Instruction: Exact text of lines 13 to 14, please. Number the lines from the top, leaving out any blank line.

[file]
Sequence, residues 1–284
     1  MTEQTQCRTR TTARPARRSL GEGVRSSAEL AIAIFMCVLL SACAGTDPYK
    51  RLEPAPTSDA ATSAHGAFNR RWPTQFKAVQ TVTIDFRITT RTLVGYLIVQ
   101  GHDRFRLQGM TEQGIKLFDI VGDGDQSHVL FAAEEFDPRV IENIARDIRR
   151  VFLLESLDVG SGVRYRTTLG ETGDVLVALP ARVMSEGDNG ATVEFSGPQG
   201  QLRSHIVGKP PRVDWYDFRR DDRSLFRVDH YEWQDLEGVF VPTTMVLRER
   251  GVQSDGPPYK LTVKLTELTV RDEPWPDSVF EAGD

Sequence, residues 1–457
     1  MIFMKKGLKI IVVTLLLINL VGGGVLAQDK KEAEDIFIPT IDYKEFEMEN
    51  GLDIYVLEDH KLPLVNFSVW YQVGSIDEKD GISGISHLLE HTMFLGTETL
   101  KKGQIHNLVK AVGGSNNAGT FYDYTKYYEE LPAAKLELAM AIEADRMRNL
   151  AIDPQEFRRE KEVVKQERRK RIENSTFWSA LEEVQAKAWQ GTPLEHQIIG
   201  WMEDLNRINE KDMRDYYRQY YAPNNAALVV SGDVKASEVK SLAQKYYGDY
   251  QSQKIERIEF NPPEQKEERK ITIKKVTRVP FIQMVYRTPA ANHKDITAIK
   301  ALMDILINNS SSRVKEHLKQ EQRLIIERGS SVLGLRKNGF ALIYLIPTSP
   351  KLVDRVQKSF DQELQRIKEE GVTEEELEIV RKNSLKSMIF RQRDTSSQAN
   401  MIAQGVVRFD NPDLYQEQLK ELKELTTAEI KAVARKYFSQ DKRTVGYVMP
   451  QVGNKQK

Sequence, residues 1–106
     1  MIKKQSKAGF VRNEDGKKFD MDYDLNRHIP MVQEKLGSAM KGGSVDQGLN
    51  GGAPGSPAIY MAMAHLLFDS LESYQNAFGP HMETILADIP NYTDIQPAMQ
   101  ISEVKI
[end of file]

   201  WMEDLNRINE KDMRDYYRQY YAPNNAALVV SGDVKASEVK SLAQKYYGDY
   251  QSQKIERIEF NPPEQKEERK ITIKKVTRVP FIQMVYRTPA ANHKDITAIK